A Noisy Year In Golf
Hootie and Martha shouted across the nations sports pages. Bethpages U.S. Open reverberated louder than a Giants/Eagles game in late December.
People screamed at Curtis Strange. Catrin Nilsmark blasted the U.S. Solheim Cuppers. And plenty of pundits sounded off on Suzy Whaley.
Doesnt anybody read those signs that are so ubiquitous at tournaments'Quiet Please?
Tigers early mission was to make golf look like America. Thats a work in progress, but golf does sound like America these days. LOUD.
Whos right - Hootie or Martha? Should Suzy play? Did Curtis blow it? Let us know what you think. Vote now.
Its the surest sign that golf has arrived as a major sport'the discourse has reached ear-splitting levels.
The sport used to hum along rather quietly, even blissfully, but no longer. Not with a multi-cultural, hotter-than-J.Lo superstar, and not with its propensity to cling to old practices in a new and different world.
Alas, the racket has subsided just a bit during the holidays, enough so that I can hear myself think. Here now some thoughts on the season gone by:
The man of the year is Rich Beem. Thats right, Rich Beem. Oh sure, Tigers the player of the year and will be for the next 10 or 15. But Rich Beems one of us, and he won a major. In an era of ubergolfers who train like Drago from Rocky IV, Beemers a rare gem, a throwback to Hagen and a time when guys let loose.
Back home in New Mexico after winning the PGA, he treated 20 of his closest pals to Taco Cabana at 2 A.M., this after a raucous night of dice and cards in a smoke- filled room at El Paso Country Club. Six years ago the game was clamoring for its next star and got Tiger Woods. For some time golfs been in need of a genuine character. Thats Rich Beem.
The woman of the year is Annika Sorenstam. Please, spare me this nonsense that proclaims Martha Burk golfs most important woman of 2002. Burk fired plenty of missives, but she didnt hit a single golf shot. Sorenstam won more tournaments in a single season than any female since 1964. And shes come closer than anyone, male or female, to achieving what every high-level player seeks'the ability to repeat a mechanically sound golf swing again and again and again.
The years biggest mystery was David Duval. Who didnt think his 2001 British Open victory would springboard him to greater glory? But personal problems dulled his passion, and he finished 80th on the PGA Tour money list.
The biggest loss was Sam Snead. As much as his magnificent swing, Ill remember a moment under the oak tree two years ago at Augusta. Snead, not long after launching his ceremonial tee ball, discussed his health with a group of maybe 20 reporters. He began to talk about some recent dental work, and without warning, removed his teeth to show to the pack of dumbstruck scribes. It was one of the funniest things Ive ever seen. Talk about legendary characters. That was Sam.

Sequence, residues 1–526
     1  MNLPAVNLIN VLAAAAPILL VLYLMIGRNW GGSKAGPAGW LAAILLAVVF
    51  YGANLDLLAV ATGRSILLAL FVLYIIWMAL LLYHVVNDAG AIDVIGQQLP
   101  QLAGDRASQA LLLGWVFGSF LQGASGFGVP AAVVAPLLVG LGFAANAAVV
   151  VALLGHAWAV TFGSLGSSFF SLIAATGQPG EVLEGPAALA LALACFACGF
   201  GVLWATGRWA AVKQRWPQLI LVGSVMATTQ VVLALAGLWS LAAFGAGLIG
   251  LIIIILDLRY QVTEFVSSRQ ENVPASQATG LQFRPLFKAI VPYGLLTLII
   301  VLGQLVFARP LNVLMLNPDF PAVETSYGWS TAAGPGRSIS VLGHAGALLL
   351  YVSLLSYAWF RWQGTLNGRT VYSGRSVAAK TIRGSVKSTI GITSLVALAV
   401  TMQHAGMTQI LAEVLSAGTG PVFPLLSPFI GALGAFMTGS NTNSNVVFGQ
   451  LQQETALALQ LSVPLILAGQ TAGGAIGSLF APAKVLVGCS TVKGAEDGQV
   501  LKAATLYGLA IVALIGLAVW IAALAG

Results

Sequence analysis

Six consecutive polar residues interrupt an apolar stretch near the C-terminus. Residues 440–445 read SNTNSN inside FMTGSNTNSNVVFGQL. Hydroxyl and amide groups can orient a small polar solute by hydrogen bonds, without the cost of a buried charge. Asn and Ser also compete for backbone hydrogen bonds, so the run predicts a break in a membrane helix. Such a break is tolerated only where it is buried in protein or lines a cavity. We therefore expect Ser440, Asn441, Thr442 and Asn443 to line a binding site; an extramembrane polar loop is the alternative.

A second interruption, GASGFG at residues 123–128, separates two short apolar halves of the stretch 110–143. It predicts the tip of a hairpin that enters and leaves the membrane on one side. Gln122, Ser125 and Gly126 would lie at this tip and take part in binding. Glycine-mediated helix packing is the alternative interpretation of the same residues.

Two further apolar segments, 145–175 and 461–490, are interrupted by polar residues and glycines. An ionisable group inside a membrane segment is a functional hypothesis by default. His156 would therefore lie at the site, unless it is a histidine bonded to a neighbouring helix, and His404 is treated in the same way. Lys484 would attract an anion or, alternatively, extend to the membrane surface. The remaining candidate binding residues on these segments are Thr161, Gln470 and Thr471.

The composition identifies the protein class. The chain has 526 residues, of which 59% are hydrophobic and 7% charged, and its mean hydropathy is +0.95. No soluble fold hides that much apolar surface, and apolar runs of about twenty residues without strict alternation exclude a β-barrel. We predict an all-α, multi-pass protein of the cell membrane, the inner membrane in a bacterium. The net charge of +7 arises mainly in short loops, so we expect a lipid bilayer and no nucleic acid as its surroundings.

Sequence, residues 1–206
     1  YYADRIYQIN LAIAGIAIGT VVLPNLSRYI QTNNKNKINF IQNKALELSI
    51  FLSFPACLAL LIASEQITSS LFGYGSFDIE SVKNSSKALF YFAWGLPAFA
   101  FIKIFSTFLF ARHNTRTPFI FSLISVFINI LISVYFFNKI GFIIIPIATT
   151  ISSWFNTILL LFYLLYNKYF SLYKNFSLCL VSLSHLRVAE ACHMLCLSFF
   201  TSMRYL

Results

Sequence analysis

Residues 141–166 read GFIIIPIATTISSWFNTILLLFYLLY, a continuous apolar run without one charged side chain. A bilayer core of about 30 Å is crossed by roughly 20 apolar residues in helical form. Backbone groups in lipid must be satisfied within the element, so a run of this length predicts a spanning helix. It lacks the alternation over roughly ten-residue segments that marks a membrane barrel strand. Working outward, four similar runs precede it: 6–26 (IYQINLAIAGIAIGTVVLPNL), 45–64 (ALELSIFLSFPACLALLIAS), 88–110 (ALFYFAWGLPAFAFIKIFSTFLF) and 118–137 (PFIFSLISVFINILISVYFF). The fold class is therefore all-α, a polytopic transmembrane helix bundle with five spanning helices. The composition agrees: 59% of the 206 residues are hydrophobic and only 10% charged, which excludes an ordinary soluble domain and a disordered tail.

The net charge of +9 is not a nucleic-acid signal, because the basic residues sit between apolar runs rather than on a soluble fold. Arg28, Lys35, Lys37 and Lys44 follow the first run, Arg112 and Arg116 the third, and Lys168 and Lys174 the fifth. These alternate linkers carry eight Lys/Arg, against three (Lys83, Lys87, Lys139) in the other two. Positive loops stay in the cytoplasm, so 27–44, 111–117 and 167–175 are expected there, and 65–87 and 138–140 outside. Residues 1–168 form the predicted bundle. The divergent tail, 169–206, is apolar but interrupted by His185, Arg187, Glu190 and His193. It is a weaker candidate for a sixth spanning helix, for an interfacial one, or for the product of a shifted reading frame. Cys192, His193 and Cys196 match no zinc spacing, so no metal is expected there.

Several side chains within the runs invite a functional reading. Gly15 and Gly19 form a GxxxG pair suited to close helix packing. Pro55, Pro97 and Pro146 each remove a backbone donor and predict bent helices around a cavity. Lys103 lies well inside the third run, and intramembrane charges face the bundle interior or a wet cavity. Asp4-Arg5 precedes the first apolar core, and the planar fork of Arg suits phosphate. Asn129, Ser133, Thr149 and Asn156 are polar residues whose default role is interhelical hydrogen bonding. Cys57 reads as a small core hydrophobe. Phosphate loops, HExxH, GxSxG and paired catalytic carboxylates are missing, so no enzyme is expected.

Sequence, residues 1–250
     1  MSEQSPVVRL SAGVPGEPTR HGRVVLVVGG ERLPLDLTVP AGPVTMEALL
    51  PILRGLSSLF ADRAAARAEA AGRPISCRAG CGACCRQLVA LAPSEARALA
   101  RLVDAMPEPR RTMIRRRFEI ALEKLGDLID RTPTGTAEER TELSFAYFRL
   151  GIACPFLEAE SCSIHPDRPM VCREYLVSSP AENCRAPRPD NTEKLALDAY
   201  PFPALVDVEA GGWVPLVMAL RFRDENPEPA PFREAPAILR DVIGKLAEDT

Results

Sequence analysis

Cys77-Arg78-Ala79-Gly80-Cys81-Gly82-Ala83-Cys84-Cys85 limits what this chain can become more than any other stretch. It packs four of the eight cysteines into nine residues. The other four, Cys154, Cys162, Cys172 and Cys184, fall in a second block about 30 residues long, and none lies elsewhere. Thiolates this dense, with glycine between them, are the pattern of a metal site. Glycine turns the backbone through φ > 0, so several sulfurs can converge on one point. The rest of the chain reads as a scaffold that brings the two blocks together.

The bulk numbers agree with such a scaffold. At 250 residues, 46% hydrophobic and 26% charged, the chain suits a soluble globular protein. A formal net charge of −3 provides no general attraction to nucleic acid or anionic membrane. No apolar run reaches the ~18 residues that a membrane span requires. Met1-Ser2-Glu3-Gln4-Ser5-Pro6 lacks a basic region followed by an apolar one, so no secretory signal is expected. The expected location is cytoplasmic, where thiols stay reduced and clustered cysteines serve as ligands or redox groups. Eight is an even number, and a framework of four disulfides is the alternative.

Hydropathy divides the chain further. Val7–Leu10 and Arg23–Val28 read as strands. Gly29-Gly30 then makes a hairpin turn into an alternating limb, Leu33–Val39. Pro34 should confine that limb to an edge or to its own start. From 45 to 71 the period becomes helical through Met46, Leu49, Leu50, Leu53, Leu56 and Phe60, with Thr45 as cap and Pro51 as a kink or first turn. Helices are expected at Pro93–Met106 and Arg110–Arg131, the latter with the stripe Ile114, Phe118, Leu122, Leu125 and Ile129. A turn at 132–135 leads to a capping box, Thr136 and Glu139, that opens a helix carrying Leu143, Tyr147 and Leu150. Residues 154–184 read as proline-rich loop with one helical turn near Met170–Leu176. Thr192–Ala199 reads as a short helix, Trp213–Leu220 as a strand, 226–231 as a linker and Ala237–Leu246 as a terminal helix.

Ironically, Sams old nemesis, Paul Runyan, also passed away this year. Runyan, despite giving up whopping distance off the tee, routed the Slammer, 8-and-7, in the 1938 PGA Championship final. He remains one of the best examples that in golf the little guy can compete.
We also said goodbye to, but certainly havent lost, Ken Venturi and Nancy Lopez.
The best surprise was obviously Craig Perks. His Players' Championship was an upset on the order of Villanova over Georgetown. The guy was 203rd in the world, for crying out loud! And his pitch-in, birdie-bomb, pitch-in finish was one for the ages.
The sweetest smiles belonged to Jeff Julian, Fred Funk, Juli Inkster, Ernie Els, Patty Sheehan and Sam Torrance.
I watched Julian, bravely fighting ALS, make a long birdie putt at Pebble in February, and a happier man in the world youd have been hard pressed to find. I was instantly reminded of what Lou Gehrig, ravaged by the disease for which there is still no known cure, said to 60,000 fans at Yankee Stadium in 1939, Today, I consider myself the luckiest man on the face of the earth. Over the summer, Julian was celebrated in his native Vermont at one of the most emotional parties Id ever attended, alternately joyous and tear-filled.
Meanwhile, Funk danced his way around Hazeltine, proving a little personality goes a long ways. Juli breathed fire at the U.S. Women's Open and melted Annikas icy calm. Ernie hugged the Claret Jug, Muirfields setting sun illuminating his still handsome face, the strain of all those days in Tigers shadow washed away. And Patty and Sam roared with the kind of joy and exuberance that have become the hallmark of those riveting team competitions, the Solheim and Ryder Cups.